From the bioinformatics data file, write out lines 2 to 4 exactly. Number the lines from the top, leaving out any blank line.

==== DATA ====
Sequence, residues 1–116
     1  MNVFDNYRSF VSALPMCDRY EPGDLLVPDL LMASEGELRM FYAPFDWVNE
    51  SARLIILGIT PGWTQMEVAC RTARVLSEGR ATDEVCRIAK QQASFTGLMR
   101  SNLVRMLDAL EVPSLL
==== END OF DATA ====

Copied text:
     1  MNVFDNYRSF VSALPMCDRY EPGDLLVPDL LMASEGELRM FYAPFDWVNE
    51  SARLIILGIT PGWTQMEVAC RTARVLSEGR ATDEVCRIAK QQASFTGLMR
   101  SNLVRMLDAL EVPSLL